A union is a fluid organization that must constantly adapt to reflect the society it serves and meet its needs. Most important, for the union movement to remain relevant, “you need to step forward and get involved,” said Lucie Levasseur, president of CUPE-Quebec, to a packed room at the Summer School of the Institut du Nouveau Monde (INM) last weekend.
“Each generation has gotten involved in the union movement in order to change society based on its particular priorities and values,” Levasseur noted. “First, people wanted to put an end to child labour and reduce the work week to 60 hours and, eventually, to 40 hours. Then came the concept of vacation. Until then people worked 52 weeks a year.”
“People fought to establish a minimum wage. Then, they moved on to the notion of occupational health and safety. On a broader scale, they founded the social democratic and labour parties, and then these parties forced the creation of all modern social programs like Medicare, Employment Insurance and Old Age Pension.”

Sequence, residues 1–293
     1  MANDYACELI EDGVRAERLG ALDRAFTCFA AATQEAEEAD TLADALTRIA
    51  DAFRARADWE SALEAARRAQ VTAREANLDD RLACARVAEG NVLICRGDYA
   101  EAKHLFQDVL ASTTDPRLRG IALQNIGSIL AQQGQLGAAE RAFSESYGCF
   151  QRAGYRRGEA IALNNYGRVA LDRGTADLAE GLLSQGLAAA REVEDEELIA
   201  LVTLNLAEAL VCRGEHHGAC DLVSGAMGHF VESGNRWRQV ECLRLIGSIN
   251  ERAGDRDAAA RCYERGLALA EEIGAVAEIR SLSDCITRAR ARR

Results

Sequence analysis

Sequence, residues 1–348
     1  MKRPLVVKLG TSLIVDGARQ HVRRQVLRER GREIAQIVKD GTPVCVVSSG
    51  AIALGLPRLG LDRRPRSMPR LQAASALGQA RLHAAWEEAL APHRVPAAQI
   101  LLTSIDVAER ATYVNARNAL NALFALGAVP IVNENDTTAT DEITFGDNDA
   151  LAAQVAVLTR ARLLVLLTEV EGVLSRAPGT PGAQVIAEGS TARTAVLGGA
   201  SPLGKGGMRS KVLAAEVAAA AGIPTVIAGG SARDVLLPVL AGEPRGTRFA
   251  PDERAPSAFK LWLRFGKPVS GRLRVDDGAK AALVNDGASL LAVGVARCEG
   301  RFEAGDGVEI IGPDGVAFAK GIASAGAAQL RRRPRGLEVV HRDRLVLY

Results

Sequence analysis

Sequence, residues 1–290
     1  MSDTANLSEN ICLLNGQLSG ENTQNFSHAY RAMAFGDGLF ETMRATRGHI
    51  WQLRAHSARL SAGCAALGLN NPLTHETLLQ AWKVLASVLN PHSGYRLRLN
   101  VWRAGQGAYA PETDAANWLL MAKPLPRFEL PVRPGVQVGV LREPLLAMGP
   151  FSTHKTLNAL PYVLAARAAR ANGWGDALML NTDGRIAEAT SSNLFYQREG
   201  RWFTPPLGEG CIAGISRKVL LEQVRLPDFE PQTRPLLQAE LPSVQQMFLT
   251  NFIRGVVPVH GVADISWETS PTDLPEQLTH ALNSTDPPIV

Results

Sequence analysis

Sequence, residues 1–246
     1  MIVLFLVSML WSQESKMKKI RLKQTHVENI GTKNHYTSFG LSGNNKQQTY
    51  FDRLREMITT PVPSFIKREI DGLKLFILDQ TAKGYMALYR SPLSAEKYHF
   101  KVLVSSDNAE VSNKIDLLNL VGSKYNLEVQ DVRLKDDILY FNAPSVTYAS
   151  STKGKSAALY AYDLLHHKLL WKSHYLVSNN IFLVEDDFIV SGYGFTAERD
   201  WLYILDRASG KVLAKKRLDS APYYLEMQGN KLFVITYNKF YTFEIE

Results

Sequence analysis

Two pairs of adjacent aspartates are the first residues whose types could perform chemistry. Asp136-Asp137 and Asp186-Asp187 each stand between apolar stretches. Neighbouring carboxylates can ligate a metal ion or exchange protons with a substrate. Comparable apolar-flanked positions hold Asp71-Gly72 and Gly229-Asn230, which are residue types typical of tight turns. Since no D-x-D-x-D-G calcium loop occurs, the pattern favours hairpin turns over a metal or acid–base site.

CUPE-Quebec is a proud partner of INM’s Summer School, the ninth edition of which is offered under the theme “It’s Time for Action”.
It is in this spirit that CUPE-Quebec’s president asked the room, “How do you want to change society, and how are you going to change the union movement to achieve this? The answer is up to you; the unions of tomorrow will be yours, but remember, as I said at the start, you need to step forward and get involved!”
Levasseur was speaking at a “lunch and learn” event featuring NDP Leader Thomas Mulcair. He recounted the official opposition’s struggles against the Harper government in Ottawa and stressed the importance that people use their right to vote to uphold their values at both the federal and provincial levels.
In keeping with these views, Levasseur also spoke of the importance of voting among today’s youth. Students clearly demonstrated the power of grassroots action during the recent Maple Spring. “Now, it’s time to make your voices heard in the political arena to reverse the trend of decreasing voter participation rates among young people.”
More than 500 people from across Quebec attended the event.